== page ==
English voice actor calls out Crunchyroll for lack of Jujutsu Kaisen residuals

jujutsu KaisenCrunchyroll

An English voice actor, who dubbed the lead in the recent Jujutsu Kaisen film, is calling out Crunchyroll for not paying residuals.

Anime is one of the biggest industries right now. Once unknown by the west, anime series and films are now distributed worldwide to major success. A large part of this success is due to subbing and dubbing, in which companies such as Crunchyroll employ translators and voice actors to adapt the original work into different languages.

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One of these cases include the recently released Jujutsu Kaisen 0, a prequel film for the Jujutsu Kaisen anime series, by Studio MAPPA. The film has seen massive success, now having been confirmed by Crunchyroll to be the 6th highest-grossing anime film worldwide.

However, this success has allegedly not applied to everyone, as today a voice actor who worked on the film criticised Crunchyroll in a series of tweets, namely involving the case of residuals.

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According to Kayleigh McKee, “Residuals are something simply never put on the table” at Crunchyroll

English voice actor Kayleigh McKee, who voices Yuta Okkotsu – the main character of Jujutsu Kaisen 0 – recently quote tweeted a statement by Crunchyroll, who were celebrating the success of the film.

In response to how well the film was grossing, McKee posted – we assume sarcastically, “Always love seeing that sweet residuals money for playing the main character in English hit my bank account.”

McKee continued her tweets, stating, “I’m so grateful to the team and legitimately enjoy the hell out of the person who cast me, he is wonderful. I also love the show, the fans, and my fellow cast. None of that is counter to the fact myself and my castmates deserve more for a blockbuster hit.

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“Yeah, I signed a contract for less than 1k. I was also living in Section 8 housing at the time.”

For McKee, the issue was the fact that allegedly no one on the cast had received any residuals, despite the film being financially successful.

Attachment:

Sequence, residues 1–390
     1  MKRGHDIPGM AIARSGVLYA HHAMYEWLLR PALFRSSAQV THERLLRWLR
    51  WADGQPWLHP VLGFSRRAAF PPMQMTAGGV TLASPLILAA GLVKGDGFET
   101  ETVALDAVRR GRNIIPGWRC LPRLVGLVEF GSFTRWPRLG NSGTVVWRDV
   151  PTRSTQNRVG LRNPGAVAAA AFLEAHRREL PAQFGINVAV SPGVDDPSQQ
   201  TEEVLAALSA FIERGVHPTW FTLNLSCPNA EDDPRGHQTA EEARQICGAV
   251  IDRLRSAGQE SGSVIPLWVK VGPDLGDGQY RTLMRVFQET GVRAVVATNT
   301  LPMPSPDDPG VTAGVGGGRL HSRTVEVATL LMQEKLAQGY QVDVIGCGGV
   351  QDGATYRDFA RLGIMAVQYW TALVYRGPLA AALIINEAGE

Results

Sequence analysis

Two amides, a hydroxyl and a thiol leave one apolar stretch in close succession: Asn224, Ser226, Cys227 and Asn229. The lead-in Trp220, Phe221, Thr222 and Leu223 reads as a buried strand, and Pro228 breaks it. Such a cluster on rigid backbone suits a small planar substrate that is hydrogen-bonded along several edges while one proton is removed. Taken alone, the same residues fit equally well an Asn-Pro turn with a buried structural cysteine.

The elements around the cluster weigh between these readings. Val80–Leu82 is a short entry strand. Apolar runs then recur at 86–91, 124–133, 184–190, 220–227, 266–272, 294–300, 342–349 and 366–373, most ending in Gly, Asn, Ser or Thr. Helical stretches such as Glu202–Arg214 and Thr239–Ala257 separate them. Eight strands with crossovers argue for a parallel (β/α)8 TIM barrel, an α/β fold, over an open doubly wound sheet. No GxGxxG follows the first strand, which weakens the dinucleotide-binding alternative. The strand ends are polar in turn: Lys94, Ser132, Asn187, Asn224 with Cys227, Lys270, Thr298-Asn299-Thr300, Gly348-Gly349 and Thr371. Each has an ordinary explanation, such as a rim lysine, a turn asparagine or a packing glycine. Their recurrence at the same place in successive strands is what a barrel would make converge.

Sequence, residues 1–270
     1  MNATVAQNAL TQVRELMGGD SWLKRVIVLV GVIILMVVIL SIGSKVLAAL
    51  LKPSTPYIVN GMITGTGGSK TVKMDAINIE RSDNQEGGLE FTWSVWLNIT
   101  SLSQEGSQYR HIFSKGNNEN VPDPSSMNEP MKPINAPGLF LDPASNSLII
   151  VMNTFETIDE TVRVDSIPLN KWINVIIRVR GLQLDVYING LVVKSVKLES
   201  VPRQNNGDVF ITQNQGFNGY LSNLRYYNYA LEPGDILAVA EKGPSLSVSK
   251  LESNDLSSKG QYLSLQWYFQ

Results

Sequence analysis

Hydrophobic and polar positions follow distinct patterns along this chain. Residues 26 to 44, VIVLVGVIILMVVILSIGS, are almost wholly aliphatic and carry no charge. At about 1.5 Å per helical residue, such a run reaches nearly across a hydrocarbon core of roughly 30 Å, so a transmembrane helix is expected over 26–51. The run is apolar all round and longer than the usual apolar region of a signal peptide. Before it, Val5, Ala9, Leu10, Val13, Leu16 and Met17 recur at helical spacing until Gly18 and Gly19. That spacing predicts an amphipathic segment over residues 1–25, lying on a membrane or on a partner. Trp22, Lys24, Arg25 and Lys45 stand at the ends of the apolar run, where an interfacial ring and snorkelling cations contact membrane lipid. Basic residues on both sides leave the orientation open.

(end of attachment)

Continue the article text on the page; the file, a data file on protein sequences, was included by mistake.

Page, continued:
Dexerto reached out to McKee, who explained the situation further: “Residuals are something simply never put on the table in anime. For standard series, I can maybe see why, maybe budgets are smaller- but for theatrical release movies, which will make vastly more, and who our contemporaries in every other genre of blockbuster film receive these benefits, it is very… harrowing. To see such a level of success with a total pay check of $600 and a good luck.”

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In her tweets, McKee also mentioned how “Live action movies that earn far less and with lower budgets routinely pay their actors in the hundreds of thousands.”

She also made sure to state that she wasn’t blaming the crew members she had worked with: “None of this is on the recording teams, contracted studios, adapters, directors. In fact, they deserve far more too. It’s ALL on the corpo brass at Crunchyroll and by proxy Sony Pictures et al., as well as studio MAPPA. Worker exploitation and manipulation exists in all fields.”

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Voice acting and payment is not a new issue

These statements come during the wake of other controversies surrounding voice actors and payment. The English voice actor for Mob in Mob Psycho 100, Kyle McCarley, recently posted online that he was not returning to Mob Psycho due to union conflicts, and just last month Bayonetta’s voice actor, Hellena Taylor, went under fire due to mixed reports of payment.

McKee even mentions this in her tweets, adding, “I just hope that a similar tale which occurred last month that was shown to have some falsities does not detract from the fact that these stories are real and this one definitely is, and this problem needs tackling for us, especially as anime explodes as a market stateside.”

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“Unfortunately, the only thing that ever seems to get the attention of office squatters like that is a little bit of a stink – so here is mine – carefully formulated, with almost a year of consideration, thought, and effort trying and failing two change something outside public eye.”

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